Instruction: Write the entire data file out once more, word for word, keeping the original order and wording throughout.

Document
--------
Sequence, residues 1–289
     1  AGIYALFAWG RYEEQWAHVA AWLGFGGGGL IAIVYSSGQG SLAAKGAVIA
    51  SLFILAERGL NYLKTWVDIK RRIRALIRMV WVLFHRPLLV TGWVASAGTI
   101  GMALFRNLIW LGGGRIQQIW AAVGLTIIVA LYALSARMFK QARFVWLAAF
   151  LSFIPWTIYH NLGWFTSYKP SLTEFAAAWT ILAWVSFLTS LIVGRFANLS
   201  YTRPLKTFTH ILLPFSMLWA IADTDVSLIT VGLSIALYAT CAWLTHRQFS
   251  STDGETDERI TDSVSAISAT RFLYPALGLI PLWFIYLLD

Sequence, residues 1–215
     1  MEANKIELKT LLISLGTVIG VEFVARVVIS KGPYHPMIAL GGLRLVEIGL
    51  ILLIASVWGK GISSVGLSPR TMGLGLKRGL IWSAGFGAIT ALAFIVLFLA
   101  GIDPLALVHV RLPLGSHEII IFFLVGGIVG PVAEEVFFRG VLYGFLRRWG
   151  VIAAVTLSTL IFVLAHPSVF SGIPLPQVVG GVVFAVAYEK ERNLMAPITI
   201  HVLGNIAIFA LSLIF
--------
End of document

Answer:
Sequence, residues 1–289
     1  AGIYALFAWG RYEEQWAHVA AWLGFGGGGL IAIVYSSGQG SLAAKGAVIA
    51  SLFILAERGL NYLKTWVDIK RRIRALIRMV WVLFHRPLLV TGWVASAGTI
   101  GMALFRNLIW LGGGRIQQIW AAVGLTIIVA LYALSARMFK QARFVWLAAF
   151  LSFIPWTIYH NLGWFTSYKP SLTEFAAAWT ILAWVSFLTS LIVGRFANLS
   201  YTRPLKTFTH ILLPFSMLWA IADTDVSLIT VGLSIALYAT CAWLTHRQFS
   251  STDGETDERI TDSVSAISAT RFLYPALGLI PLWFIYLLD

Sequence, residues 1–215
     1  MEANKIELKT LLISLGTVIG VEFVARVVIS KGPYHPMIAL GGLRLVEIGL
    51  ILLIASVWGK GISSVGLSPR TMGLGLKRGL IWSAGFGAIT ALAFIVLFLA
   101  GIDPLALVHV RLPLGSHEII IFFLVGGIVG PVAEEVFFRG VLYGFLRRWG
   151  VIAAVTLSTL IFVLAHPSVF SGIPLPQVVG GVVFAVAYEK ERNLMAPITI
   201  HVLGNIAIFA LSLIF